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Landfill gas engine analysis - Mobil · PDF file Landfill gas presents a unique set of challenges for engines; early detection of premature engine wear, coolant leaks and lubricant

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  • Landfill gas engine analysis

    This service monitors engine and lubricant conditions to detect premature wear and contamination

    Description Landfill gas presents a unique set of challenges for engines; early detection of premature engine wear, coolant leaks and lubricant contamination is necessary for continued operation. This analysis helps you discover these issues before they can result in costly downtime or expensive repairs.

    Analysis options — Landfill gas engines

    Potential benefits

    Improved equipment reliability by identifying potential failures before they occur

    Increased productivity through reduction of unscheduled downtime

    Reduced parts replacement and labor costs

    Minimized lubricant consumption and disposal with optimized drain interval

    Service profile

    Essential Enhanced Elite


    Coolant Indicator




    Particle Quantifier (PQ) Index


    Total Acid Number (TAN)

    Total Base Number (TBN)

    Viscosity* at 40°C or 100°C

    Viscosity at 40°C and 100°C

    Viscosity Index

    Water Vol % Fourier transform infrared spectroscopy (FTIR)

    Water Vol % Karl Fischer

    Key Included test

    TAN in lieu of oxidation for select synthetic products

    *Viscosity reported at 40°C or 100°C, based on oil type or service level. Analysis may vary by laboratory, product supplied or oil condition.

    Sample frequency Sample at OEM recommended frequency or, for general guidance, begin with: 250 hours. Adjust frequency based on asset’s economic impact, operating environment, machine age, oil age or sample results trend.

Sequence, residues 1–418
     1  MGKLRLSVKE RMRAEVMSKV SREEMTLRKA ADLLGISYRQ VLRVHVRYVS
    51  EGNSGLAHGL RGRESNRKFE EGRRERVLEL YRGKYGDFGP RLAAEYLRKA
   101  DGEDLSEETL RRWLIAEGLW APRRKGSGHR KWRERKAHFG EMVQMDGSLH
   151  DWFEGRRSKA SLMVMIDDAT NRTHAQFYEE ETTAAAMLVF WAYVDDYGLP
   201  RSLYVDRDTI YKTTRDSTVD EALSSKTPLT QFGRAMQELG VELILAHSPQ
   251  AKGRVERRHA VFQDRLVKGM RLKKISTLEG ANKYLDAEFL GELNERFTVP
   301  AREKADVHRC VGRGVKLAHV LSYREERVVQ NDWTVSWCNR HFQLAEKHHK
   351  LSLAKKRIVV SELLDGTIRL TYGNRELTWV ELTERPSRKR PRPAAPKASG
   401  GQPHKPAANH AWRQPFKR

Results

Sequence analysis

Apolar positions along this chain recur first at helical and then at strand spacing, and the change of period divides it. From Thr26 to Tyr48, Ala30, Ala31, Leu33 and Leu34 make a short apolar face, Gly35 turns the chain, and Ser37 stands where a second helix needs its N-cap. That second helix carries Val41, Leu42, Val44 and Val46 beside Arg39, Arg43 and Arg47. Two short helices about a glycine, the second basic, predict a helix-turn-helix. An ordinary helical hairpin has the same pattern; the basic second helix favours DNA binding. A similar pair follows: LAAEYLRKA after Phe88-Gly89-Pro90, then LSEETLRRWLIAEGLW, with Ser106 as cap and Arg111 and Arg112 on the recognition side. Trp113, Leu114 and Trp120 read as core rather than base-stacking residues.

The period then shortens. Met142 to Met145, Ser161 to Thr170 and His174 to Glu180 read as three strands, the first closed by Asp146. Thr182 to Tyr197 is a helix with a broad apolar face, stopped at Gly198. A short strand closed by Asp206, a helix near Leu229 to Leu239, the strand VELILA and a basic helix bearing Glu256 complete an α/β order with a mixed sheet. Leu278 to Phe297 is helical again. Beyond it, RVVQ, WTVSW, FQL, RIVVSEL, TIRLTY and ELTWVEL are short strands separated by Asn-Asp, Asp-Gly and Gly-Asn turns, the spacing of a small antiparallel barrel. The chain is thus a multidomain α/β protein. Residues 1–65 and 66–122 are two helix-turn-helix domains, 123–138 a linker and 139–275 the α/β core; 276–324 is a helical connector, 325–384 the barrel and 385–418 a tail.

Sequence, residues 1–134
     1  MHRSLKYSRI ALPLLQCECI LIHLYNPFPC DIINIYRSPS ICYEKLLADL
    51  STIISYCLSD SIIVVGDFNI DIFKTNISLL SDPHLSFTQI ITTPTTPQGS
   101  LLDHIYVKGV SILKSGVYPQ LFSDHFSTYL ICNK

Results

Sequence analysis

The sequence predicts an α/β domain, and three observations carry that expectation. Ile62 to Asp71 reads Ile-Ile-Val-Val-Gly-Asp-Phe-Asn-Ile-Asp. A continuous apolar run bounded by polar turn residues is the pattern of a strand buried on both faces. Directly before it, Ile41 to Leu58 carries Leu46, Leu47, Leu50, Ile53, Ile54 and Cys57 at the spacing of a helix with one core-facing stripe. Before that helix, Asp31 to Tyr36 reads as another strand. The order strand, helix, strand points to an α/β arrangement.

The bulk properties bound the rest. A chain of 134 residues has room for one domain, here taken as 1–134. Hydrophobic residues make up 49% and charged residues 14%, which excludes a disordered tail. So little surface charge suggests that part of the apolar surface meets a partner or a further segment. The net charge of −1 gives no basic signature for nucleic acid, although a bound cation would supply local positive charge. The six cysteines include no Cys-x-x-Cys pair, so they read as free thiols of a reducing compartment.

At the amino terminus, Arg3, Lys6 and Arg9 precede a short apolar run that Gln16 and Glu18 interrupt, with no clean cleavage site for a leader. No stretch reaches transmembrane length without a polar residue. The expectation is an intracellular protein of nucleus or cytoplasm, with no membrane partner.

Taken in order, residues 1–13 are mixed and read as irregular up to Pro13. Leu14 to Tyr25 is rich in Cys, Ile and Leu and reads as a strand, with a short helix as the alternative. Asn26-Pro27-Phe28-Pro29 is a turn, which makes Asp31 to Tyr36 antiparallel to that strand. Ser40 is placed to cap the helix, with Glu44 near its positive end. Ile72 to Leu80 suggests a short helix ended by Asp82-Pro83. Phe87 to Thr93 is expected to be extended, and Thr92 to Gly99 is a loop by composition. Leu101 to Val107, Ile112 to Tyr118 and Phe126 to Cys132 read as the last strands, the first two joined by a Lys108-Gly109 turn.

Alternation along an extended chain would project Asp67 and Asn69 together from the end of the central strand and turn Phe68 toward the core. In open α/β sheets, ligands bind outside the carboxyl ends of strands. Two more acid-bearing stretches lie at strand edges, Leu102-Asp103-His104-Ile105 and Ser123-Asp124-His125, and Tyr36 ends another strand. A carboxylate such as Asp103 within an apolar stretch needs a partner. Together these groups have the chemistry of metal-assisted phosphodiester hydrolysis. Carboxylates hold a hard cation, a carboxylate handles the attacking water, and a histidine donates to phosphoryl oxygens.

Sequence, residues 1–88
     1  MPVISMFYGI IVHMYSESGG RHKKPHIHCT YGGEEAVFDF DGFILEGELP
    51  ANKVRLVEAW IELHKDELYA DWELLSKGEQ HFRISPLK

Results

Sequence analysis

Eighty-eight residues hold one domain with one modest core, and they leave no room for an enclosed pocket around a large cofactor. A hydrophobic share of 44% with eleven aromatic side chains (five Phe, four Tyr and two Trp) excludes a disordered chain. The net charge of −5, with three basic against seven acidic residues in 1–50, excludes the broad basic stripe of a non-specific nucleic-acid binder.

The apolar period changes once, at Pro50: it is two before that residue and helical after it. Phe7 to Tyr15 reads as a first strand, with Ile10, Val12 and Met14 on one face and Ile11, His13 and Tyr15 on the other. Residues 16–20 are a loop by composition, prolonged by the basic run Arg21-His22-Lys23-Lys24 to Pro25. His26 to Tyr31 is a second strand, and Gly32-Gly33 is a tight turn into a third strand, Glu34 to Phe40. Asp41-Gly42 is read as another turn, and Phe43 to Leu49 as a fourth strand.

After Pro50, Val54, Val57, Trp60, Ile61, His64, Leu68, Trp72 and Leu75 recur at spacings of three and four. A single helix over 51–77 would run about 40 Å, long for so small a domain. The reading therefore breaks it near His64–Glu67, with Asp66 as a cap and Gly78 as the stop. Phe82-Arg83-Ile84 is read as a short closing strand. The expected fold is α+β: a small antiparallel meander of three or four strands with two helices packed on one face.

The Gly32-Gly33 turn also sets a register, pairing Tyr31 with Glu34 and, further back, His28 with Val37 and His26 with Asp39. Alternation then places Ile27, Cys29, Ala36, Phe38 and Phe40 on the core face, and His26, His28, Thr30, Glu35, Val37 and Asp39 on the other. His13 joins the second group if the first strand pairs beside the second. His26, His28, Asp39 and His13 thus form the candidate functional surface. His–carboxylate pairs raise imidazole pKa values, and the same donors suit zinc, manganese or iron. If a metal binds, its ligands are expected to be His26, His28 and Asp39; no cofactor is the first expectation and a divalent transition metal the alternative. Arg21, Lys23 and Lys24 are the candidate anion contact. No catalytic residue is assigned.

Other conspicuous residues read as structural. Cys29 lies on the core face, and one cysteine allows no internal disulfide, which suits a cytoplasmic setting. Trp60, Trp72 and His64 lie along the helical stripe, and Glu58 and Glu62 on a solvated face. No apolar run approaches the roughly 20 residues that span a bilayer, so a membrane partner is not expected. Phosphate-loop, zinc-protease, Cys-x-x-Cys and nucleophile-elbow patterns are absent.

• Test Purpose Importance of test Chlorine To determine the level of chlorine

    contamination Chlorine from landfill chlorinated fluorocarbons, in conjunction with moisture, can cause excessive metal corrosion

    Coolant Indicator To determine the level of sodium, potassium and boron in the engine oil

    Indicative of a coolant leak into the engine via a worn head gasket, cracked block or head

    Metals To determine the presence and levels of metallic content in the oil, including contaminants and wear particles

    The level of wear metals helps determine if equipment components are wearing or if harmful contamination has entered the oil. The level of metals that are part of the additive chemistry is also reported

    Nitration To measure the amount of nitrogen by- products in the oil

    Indicative of air-fuel ratio used (rich, stoichiometric, lean burn) in the combustion chamber. As a result, if unchecked, nitrogen and oxidation precursors form corrosive acid, deposit and varnishes, which may lead to reduction of the oil and engine life.

    Oxidation To determine the level of lubricant oxidation and deterioration